After they had gone back into the city hall it wasn’t clear what was going to happen next, but half an hour later (at around 2pm) the 11 brides who were getting married in the cathedral appeared with their maids of honour walking towards the waiting classic cars. One-by-one the cars headed to the cathedral where the brides met their waiting fathers and entered the cathedral.
There were already crowds of people waiting outside the cathedral and as the service, which lasted over two hours (made longer by nine couples who had got married in 1968 renewing their vows), went on more people kept arriving. Even though there was nothing to see, except a man setting up a confetti machine, a brass band arriving and warming up, and the wedding service being broadcast through loudspeakers almost as background noise, people were determined to stand and wait for the newly-weds to come out of the cathedral. After what seemed an eternity, the couples finally appeared to the sound of the Banda de Música da Carris brass band playing Coldplay’s ‘Viva la Vida’ and Abba’s ‘Dancing Queen’ and we were able to say ‘Vivam os noivos!’ (‘Long live the bride and groom!’).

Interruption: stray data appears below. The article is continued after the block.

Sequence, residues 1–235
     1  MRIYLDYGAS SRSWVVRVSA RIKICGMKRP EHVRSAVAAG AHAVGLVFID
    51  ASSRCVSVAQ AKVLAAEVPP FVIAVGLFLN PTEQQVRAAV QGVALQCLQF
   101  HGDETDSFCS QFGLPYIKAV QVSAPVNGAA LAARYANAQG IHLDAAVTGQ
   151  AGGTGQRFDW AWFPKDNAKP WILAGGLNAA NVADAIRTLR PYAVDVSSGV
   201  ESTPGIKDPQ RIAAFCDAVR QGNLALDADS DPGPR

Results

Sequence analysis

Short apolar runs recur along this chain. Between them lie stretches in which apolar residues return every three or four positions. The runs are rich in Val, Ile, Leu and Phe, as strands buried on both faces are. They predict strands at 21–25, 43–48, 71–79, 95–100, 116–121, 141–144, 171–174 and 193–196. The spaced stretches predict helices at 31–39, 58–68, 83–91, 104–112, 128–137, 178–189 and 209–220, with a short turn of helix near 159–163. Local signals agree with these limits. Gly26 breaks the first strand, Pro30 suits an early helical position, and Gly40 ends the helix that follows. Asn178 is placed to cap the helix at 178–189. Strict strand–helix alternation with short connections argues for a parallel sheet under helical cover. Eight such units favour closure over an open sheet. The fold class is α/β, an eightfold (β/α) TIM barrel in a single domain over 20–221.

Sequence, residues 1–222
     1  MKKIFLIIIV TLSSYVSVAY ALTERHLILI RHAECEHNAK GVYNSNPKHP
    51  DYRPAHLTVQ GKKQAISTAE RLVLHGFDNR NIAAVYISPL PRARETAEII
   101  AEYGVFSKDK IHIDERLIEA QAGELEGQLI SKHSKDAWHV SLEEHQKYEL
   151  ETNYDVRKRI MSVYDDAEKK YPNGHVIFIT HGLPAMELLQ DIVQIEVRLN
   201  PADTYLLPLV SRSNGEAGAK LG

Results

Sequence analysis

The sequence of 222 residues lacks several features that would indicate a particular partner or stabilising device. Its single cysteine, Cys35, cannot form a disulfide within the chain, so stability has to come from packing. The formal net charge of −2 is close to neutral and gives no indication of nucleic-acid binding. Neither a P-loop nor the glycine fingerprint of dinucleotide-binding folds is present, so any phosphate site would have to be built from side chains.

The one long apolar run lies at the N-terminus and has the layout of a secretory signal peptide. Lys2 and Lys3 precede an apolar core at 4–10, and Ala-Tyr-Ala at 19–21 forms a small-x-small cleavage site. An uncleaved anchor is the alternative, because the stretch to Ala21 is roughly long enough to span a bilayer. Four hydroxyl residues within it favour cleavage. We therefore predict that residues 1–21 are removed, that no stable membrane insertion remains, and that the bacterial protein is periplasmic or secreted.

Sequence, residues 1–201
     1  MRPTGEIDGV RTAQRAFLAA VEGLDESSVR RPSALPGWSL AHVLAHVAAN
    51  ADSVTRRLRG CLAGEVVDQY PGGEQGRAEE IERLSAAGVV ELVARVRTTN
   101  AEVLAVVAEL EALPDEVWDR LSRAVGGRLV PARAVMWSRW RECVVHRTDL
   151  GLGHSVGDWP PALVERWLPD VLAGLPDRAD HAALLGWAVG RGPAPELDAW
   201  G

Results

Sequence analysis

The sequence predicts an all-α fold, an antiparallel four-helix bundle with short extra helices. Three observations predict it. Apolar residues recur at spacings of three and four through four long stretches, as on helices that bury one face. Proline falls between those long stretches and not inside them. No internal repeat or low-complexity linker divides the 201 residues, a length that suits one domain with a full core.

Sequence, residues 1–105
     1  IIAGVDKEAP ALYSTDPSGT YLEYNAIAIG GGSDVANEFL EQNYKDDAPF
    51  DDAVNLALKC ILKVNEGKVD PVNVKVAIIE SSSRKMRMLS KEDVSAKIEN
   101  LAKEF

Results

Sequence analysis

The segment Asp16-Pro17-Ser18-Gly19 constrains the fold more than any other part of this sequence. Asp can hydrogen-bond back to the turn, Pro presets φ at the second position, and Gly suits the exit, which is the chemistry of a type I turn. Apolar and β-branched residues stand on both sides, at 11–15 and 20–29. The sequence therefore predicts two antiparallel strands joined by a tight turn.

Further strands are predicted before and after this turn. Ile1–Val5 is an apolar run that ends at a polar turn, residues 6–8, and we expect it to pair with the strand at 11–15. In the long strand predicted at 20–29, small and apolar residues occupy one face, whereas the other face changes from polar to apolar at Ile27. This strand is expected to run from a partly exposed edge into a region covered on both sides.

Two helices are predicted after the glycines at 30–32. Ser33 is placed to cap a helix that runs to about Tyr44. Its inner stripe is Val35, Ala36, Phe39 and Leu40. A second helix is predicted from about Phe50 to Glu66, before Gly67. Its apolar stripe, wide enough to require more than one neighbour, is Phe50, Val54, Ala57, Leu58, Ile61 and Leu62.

After the obligatory photos they walked down to the neighbouring Saint Anthony’s church where each couple placed a sunflower on the statue of Saint Anthony, who is known as the holy matchmaker and, as noted above, is the patron saint of lovers and marriage, and more photos were taken.